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Routine Use of Aspirin for Primary Prevention of Cardiovascular Events

Authors

Mary Mihalovic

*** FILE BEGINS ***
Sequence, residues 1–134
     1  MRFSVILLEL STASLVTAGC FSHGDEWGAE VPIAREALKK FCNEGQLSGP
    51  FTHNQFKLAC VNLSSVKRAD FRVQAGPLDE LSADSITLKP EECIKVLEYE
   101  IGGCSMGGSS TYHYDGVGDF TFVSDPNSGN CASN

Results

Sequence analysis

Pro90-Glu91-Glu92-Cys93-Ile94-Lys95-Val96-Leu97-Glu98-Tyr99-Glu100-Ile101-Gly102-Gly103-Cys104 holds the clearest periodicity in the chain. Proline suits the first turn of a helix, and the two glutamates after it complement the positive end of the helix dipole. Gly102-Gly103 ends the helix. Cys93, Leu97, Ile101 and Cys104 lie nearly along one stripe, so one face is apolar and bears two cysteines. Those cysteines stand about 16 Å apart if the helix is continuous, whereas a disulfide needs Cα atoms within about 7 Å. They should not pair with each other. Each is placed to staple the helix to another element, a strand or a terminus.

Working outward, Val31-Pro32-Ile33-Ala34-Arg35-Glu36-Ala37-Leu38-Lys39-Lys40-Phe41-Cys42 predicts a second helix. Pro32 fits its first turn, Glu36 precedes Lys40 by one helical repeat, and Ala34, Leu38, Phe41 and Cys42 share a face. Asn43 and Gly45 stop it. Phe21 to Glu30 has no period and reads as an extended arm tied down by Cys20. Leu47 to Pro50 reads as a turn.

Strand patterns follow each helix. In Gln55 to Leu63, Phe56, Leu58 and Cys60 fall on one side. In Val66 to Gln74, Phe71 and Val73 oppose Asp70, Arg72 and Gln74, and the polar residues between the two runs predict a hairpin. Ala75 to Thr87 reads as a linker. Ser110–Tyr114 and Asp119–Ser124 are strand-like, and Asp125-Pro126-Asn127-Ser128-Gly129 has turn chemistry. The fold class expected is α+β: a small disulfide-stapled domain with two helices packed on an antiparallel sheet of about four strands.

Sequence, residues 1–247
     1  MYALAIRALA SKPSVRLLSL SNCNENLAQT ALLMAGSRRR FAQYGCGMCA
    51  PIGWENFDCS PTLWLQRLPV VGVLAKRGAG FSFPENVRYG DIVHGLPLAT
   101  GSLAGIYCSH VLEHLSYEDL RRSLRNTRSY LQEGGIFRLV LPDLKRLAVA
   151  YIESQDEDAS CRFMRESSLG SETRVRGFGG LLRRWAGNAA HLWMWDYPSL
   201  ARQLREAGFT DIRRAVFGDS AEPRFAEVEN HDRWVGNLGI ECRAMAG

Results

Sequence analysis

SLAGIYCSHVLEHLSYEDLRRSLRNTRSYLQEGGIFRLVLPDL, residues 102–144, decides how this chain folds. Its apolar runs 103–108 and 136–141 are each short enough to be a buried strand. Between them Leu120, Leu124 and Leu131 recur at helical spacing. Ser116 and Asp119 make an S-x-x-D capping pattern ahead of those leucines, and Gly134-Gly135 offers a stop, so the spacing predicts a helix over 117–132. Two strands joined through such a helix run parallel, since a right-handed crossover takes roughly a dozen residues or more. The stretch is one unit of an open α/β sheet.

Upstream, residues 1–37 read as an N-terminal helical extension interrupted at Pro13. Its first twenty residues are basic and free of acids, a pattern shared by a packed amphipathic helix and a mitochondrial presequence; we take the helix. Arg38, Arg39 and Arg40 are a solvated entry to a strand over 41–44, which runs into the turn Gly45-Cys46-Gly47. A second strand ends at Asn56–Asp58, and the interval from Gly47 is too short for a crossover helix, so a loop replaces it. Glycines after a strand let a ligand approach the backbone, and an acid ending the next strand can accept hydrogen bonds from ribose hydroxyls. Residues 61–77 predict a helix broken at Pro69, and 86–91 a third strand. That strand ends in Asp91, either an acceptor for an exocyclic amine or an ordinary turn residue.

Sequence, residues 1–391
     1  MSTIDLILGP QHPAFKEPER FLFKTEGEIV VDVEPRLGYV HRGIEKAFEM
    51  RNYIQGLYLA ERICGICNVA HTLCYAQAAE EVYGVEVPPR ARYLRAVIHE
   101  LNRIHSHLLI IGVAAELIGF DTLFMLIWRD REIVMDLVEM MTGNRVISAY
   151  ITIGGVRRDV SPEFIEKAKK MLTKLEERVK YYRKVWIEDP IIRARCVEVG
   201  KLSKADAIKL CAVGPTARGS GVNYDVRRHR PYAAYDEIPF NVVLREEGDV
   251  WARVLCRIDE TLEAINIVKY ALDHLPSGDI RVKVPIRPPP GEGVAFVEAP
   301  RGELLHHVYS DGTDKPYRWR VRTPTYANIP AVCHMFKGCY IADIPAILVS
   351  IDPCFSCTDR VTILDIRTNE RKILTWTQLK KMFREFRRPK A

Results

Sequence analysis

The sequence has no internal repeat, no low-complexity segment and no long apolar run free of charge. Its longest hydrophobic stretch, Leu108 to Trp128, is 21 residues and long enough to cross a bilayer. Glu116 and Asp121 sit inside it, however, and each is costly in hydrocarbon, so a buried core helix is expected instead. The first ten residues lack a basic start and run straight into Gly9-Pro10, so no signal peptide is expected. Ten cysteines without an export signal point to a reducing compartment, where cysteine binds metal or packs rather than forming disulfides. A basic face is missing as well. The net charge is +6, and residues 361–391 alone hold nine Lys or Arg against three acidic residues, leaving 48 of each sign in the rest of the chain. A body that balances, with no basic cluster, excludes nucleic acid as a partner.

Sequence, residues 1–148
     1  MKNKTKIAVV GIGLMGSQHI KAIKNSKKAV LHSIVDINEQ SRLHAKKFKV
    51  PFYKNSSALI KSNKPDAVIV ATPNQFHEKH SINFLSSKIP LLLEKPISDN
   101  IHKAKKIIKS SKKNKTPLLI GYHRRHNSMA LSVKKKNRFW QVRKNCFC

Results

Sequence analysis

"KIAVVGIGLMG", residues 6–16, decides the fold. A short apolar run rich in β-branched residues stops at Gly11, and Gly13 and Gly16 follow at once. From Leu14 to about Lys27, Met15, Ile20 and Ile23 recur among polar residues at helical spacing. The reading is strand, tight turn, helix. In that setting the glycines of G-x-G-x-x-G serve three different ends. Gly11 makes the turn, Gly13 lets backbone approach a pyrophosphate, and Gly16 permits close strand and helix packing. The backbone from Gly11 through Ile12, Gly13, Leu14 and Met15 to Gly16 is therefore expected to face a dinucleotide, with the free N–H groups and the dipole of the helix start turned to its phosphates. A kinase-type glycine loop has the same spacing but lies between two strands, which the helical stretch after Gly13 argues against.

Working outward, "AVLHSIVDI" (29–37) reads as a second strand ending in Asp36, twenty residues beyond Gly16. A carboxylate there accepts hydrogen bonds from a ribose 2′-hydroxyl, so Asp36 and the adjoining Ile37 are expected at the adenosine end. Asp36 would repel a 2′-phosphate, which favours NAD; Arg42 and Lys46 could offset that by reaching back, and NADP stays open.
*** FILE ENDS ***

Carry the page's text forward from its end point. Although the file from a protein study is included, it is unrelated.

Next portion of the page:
The use of aspirin for primary prevention of cardiovascular events was not shown to be beneficial for preventing fatal myocardial infarction (MI), stroke, or death related to cardiovascular disease (CVD) or cancer, according to results of a recent study reported online in Archives of Internal Medicine [doi:10.1001/archinternmed.2011.628]. Significant reductions in nonfatal MI, however, were observed. Evidence has previously indicated a modest benefit for the use of aspirin in primary prevention of CVD, as well as reduction in cancer mortality. Guidelines recommending aspirin prophylaxis for prevention of CVD, however, are based on data compiled from trials before 2005. Researchers conducted a meta-analysis to provide an update on the role of aspirin in primary prevention of cardiovascular events as well as nonvascular disorders. The researchers also sought to examine the risks (bleeding episodes) versus benefits of aspirin treatment. The researchers identified 9 randomized, placebo-controlled primary prevention trials consisting of a total of 102,621 participants with at least 1 year of follow-up. The trials also included information on bleeding events. Most participants were at increased risk of CVD. The pooled weighted mean age was 57 years and 46% were men. Primary efficacy end points were total CVD and total cancer mortality. Secondary efficacy end points were subtypes of vascular disease, total cardiovascular events, cause-specific death, and all-cause mortality. The composite primary safety end point was clinically “nontrivial” bleeding (including fatal bleeding, cerebrovascular or retinal bleeding, bleeding that required hospitalization and/or transfusion, or any major bleeding). Results showed there were 2169 coronary heart disease (CHD) events over a mean follow-up period of 6 years; 1540 events were nonfatal MI and 592 were fatal CHD events. Other major outcomes included stroke (n=1504); total CVD events (n=4278); CVD death (n=1285); nonvascular death (n=2587); cancer death (n=1512); noncancer, nonvascular death (n=983); all-cause mortality (n=3895); total bleeding events (n=40,712); and nontrivial bleeding events (n=10,049). Other findings are shown in the Table. Owing mainly to a 20% risk reduction of nonfatal MI (odds ratio [OR], 0.80; 95% confidence interval [CI], 0.67-0.96), the use of aspirin was associated with a significant 10% reduction in risk of total CVD events (OR, 0.90; 95% CI, 0.85-0.96). The number needed to treat to avoid 1 nonfatal MI and 1 CVD event over a 6-year period was 162 and 120, respectively. There was no beneficial effect on fatal MI (OR, 1.06; 95% CI, 0.83-1.37), stroke (OR, 0.94; 95% CI, 0.84-1.06), or CVD death (OR, 0.99; 95% CI, 0.85-1.15). Nonsignificant reductions were found for total CHD (OR, 0.86; 95% CI, 0.74-1.01), total nonvascular mortality (OR, 0.92; 95% CI, 0.85-1.00), and all-cause mortality (OR, 0.94; 95% CI, 0.88-1.00). CVD event risk tended to be lower among older individuals (above the mean age) taking aspirin (OR, 0.78; 95% CI, 0.59-1.04). No benefit was seen with regard to cancer mortality (OR, 0.93; 95% CI, 0.84-1.03). Results also showed an excess risk of bleeding of 70% (OR, 1.70; 95% CI, 1.17-2.46) and a >30% excess risk of nontrivial bleeding events (OR, 1.31; 95% CI, 1.14-1.50) among those receiving aspirin. The risk of nontrivial bleeding tended to be somewhat higher among younger individuals (below the mean age) and those with higher systolic blood pressure. For every 73 individuals treated with aspirin for approximately 6 years, at least 1 nontrivial bleeding event was caused. Among the study limitations were an inability of the researchers to harmonize outcome definitions across studies and to precisely quantify the effect of aspirin treatment in clinically relevant subgroups.

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